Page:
Enrob Annual Report 2001, by Charles Platt and Erico Narita (ReganBooks, $10.95). Tongue-out-of-cheek Enron spoof quotes bigwigs "Sharon Sheckel," "Max Greede," and more, presents diversification ideas such as "Enrob's Martian outpost" and a "nuclear-powered stratocruiser," and assuages fictional stockholders with lines like "During 2002 we expect to receive $1 trillion from a consortium of investment banks, gonzo dotcom gurus, Bulgarian organized crime, union pension funds, and the federal government. We'll complete hostile takeovers of Verizon, Qwest, and AT&T."
You didn't think we'd Lay off Enron, did you?
In its April 15 issue, Fortune magazine took a page and a half to explain why it listed Enron, which had filed for bankruptcy the previous December, as the fifth-largest company on its roster of the nation's top five hundred corporations.
Turn Out the Lights. The Party's Over
Less than a year before news of accounting scandals and off-the-book partnerships ruined the energy giant Enron, the company's in-house art committee spent $4 million on contemporary artworks such as Claes Oldenburg's $590,000 giant soft-sculpture light switch.
Arthur Andersen Booked It as a $97.9 Million Profit
Following the bankruptcy of Enron, the Houston Astros paid the company $2.1 million to ditch the name Enron Field and regain the rights to the naming of their ballpark, for which Enron had previously agreed to pay $100 million over thirty years.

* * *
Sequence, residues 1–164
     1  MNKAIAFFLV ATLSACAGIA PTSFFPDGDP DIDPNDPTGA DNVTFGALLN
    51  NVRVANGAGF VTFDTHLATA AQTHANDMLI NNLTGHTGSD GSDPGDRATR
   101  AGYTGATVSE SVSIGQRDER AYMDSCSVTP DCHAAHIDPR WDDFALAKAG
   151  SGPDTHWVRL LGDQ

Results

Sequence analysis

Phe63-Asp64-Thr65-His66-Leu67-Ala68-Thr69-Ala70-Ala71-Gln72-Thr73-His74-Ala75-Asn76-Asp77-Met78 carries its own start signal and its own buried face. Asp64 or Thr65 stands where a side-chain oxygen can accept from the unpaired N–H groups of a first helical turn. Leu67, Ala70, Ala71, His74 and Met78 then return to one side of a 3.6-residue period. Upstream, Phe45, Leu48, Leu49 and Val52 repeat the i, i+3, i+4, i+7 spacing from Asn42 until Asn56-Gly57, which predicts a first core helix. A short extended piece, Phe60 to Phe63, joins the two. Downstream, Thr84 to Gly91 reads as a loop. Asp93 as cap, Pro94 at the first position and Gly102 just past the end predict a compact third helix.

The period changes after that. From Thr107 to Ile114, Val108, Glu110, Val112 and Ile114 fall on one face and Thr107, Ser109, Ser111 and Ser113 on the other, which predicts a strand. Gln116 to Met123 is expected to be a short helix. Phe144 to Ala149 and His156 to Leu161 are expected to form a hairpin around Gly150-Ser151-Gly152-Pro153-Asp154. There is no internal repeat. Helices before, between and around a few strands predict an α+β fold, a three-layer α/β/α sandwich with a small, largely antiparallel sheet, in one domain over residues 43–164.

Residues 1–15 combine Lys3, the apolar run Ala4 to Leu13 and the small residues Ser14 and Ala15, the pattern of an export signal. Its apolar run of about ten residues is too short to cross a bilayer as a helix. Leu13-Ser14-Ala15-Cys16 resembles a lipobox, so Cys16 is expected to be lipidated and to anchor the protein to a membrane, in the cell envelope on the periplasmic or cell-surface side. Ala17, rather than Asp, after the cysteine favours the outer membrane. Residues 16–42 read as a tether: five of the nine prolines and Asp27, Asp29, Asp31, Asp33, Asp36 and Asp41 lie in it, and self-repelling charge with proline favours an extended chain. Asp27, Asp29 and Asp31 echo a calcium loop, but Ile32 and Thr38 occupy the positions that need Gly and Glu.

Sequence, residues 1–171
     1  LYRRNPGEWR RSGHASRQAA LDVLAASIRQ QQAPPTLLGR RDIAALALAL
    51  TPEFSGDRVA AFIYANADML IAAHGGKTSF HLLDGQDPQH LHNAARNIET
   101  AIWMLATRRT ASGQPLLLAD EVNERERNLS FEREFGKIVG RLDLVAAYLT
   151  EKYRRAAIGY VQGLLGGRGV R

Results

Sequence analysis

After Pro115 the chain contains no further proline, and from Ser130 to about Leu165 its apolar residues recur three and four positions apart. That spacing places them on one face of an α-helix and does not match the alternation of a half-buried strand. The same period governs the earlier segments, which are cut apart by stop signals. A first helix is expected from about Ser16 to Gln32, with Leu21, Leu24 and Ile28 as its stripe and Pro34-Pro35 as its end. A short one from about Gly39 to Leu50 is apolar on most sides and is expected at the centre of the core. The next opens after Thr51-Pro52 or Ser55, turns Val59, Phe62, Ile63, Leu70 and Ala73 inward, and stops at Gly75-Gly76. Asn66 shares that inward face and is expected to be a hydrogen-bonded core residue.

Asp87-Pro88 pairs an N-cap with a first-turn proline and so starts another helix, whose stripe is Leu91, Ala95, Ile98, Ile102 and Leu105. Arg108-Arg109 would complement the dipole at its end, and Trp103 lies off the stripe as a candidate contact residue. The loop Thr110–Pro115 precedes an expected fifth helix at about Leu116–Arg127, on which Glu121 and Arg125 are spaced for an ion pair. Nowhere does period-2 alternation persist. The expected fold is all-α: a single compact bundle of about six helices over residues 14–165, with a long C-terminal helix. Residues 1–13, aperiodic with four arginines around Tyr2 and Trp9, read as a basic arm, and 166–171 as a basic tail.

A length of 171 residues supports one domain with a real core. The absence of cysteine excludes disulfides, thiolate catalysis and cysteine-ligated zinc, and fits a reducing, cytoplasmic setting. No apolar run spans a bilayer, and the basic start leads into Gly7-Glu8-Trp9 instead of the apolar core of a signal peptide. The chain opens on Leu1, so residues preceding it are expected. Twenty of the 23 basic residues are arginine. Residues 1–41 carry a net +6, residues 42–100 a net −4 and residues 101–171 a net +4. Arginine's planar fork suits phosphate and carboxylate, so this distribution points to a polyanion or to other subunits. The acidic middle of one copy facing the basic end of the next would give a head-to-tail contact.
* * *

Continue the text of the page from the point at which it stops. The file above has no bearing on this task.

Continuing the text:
For Practicing Safe Fraud
Kenneth Lay, the dethroned chairman of Enron, and his wife, Linda, put up for sale three of their Aspen, Colorado, properties, worth a total of more than $15 million. Nearby, a bar called Woody Creek Tavern set out a large jar labeled "Ken Lay Relief Fund. Please Help a Fellow Neighbor" and garnered contributions including fake dollar bills and condoms.
Coming Soon: "Felons of Enron"
In August Playboy magazine featured a photo spread of "Women of Enron," and two months later Playgirl followed suit with a pictorial called "Men of Enron."
Specializing in Cayman Island Partnerships
The University of Missouri announced that it had been unsuccessful in filling a new chair in its economics department, which is called the Kenneth L. Lay Chair in International Economics.
Jus' Stuff It
After the collapse of Enron, Linda Lay sold off some of the Lay family's possessions in a secondhand store she opened called Jus' Stuff.
Fluff 'n' stuff in the Bum Steers gift guide.
1) Paper dolls of George W. and Laura Bush, showing the president and the first lady in basic underwear along with a variety of clothing from ranch wear to Inauguration Day finery, from Dover Publications, Mineola, New York ($5.95).
2) Six-inch-tall "Mini-You" action figures custom-made to resemble the buyer and a spouse or a significant other (two of each person), manufactured by Gentle Giant Studios, of California, and featured in the 2002 Neiman Marcus Christmas catalog ($7,500).
3) The Longneck Wrench, a tool that is a 9/16-inch wrench on one end and a bottle opener on the other, from Longneck Wrench, of Wimberley, longneckwrench.com ($13.95).
4) A die-cast metal